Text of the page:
Today we’re fully embracing summer with a rich, sparkly Gold Dust Lip Cream ✨ A creamy base carries a generous helping of shimmery gold things to bring some beautiful 24 karat loveliness to your days. Enjoy!

How to Make Gold Dust Lip Cream

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The bulk of this lip cream is a rich, creamy base (hence the name!). Glossy castor oil, slippy coconut oil, and lightweight apricot kernel oil are thickened with some cera bellina to create a soft, ointment-y base. Cera bellina is a modified beeswax that creates oil gel products that are noticeably different from products thickened by beeswax. I did experiments with both cera bellina and beeswax to look at how they thicken—I highly recommend checking them out!


The golden shimmer in this lip cream comes from two ingredients. The smooth shimmer comes from a gold mica, while the vibrant sparkle comes from a gold biodegradable glitter. Together, they pack quite the golden punch! You could easily customize this lip cream by playing with different colours; a pink or red mica with gold glitter would be stunning! Alternatively, pairing different metallics, like copper or bronze, would also be beautiful. You’re only limited by your imagination… and supply of micas and glitters, ha.

When it comes to wearing this lip cream, my favourite way is to dab it on top of red or pink lipstick to add a golden shimmer that blends beautifully with the base colour. You can also apply it on its own—less for more of a hint of shimmer, or more for a strong golden pop! It also makes a really lovely highlight for browbones and the like if you’re really feeling those gold dust vibes.

Because this lip cream is quite soft, you’ll need to package it in some sort of wide-mouthed packaging like a small jar or tin. You could also try putting it in a squeezy lip gloss tube, but this will not work in a twist-up lip balm tube. From there, you can dab it on with a clean finger or a brush. Enjoy!

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Gold Dust Lip Cream

Heated phase
0.75g | 15% cera bellina (USA / Canada)
1.5g | 30% castor oil (USA / Canada)
1.25g | 25% virgin coconut oil
1.075g | 21.5% apricot kernel oil (USA / Canada)
0.3g | 6% gold mica
0.15g | 3% biodegradable gold glitter

Cool down phase
0.025g | 0.5% Vitamin E MT-50 (USA / Canada)

Prepare a water bath by bringing about 3cm/1″ of water to a bare simmer over low to medium-low heat in a small saucepan.

Weigh the heated phase ingredients into a small heat-resistant glass measuring cup or shallow glass bowl. Place the measuring cup in your prepared water bath to melt everything through.

While the mixture melts, set out a wee jar or tin for the lip cream so you can easily transfer it into tins when the time comes. I used one 5mL glass jar for a 5g batch and had some space left for more product (I’d estimate a 5mL jar will hold about 7g). (I used these jars, but it looks like they’ve discontinued the smaller sizes.)

After about 20–30 minutes everything should be completely melted through. Remove the water bath from the heat, remove the measuring cup from the water bath, and dry it off with a dishtowel. Stir with a flexible silicone spatula for a minute or two, giving the mixture a chance to cool a bit before adding the vitamin E and stirring that in as well (how long this takes will vary with what you’ve melted the mixture in—heavier glass will hold heat longer than thin metal, etc.).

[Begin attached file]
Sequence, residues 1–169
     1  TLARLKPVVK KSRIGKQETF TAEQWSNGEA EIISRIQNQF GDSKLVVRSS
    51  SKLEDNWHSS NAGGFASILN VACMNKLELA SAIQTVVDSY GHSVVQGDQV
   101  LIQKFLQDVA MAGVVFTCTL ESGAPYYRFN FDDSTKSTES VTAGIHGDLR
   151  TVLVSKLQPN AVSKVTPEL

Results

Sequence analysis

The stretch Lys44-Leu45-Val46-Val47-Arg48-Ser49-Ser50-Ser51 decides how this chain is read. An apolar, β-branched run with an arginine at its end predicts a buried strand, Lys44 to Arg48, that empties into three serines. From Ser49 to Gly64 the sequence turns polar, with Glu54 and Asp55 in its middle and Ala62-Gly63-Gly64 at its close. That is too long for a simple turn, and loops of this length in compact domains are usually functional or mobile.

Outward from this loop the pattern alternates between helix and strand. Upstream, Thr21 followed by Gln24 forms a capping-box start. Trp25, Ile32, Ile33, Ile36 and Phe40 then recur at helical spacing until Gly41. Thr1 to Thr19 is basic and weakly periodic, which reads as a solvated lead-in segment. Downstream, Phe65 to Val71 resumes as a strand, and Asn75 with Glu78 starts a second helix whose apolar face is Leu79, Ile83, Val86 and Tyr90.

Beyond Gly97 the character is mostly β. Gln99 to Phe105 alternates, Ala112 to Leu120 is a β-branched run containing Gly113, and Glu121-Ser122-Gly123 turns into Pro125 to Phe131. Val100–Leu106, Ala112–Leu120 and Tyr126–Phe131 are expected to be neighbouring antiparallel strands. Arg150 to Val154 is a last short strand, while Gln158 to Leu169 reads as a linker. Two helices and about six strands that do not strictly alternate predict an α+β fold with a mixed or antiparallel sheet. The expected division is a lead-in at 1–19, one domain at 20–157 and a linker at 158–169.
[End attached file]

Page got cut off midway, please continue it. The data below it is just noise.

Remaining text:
Continue stirring until the mixture has gained some viscosity and is looking creamy, and then quickly transfer into your containers. That’s it! Leave to come fully to room temperature and you’re ready to get your gold on. I like to dab a small amount of this lip cream over top of red or pink lipstick, but feel free to experiment to figure out what you love! You could also use this as a cream highlighter if you wanted to.

Shelf Life & Storage

Because this lip cream is 100% oil-based, it does not require a broad-spectrum preservative (broad spectrum preservatives ward off microbial growth, and microbes require water to live—no water, no microbes!). Kept reasonably cool and dry, it should last at least a year before any of the oils go rancid. If you notice it starts to smell like old nuts or crayons, that’s a sign that the oils have begun to oxidize; chuck it out and make a fresh batch if that happens.


As always, be aware that making substitutions will change the final product. While these swaps won’t break the recipe, you will get a different final product than I did.

  • As I’ve provided this recipe in percentages as well as grams you can easily calculate it to any size using a simple spreadsheet as I’ve explained in this post. As written in grams this recipe will make 5g.
  • To learn more about the ingredients used in this recipe, including why they’re included and what you can substitute them with, please visit the Humblebee & Me Encyclopedia. It doesn’t have everything in it yet, but there’s lots of good information there! If I have not given a specific substitution suggestion in this list please look up the ingredient in the encyclopedia before asking.
  • You can try beeswax instead of cera bellina.
  • I don’t recommend swapping out the castor oil.
  • You can use refined or virgin coconut oil. Babassu oil will also work as an alternative.
  • Any other low scent, fast-absorbing carrier oil will work instead of apricot kernel oil
  • You can use different colours for the mica and/or glitter.
  • If you’d like to incorporate an essential oil, please read this.

Gifting Disclosure

The biodegradable gold glitter was gifted by YellowBee.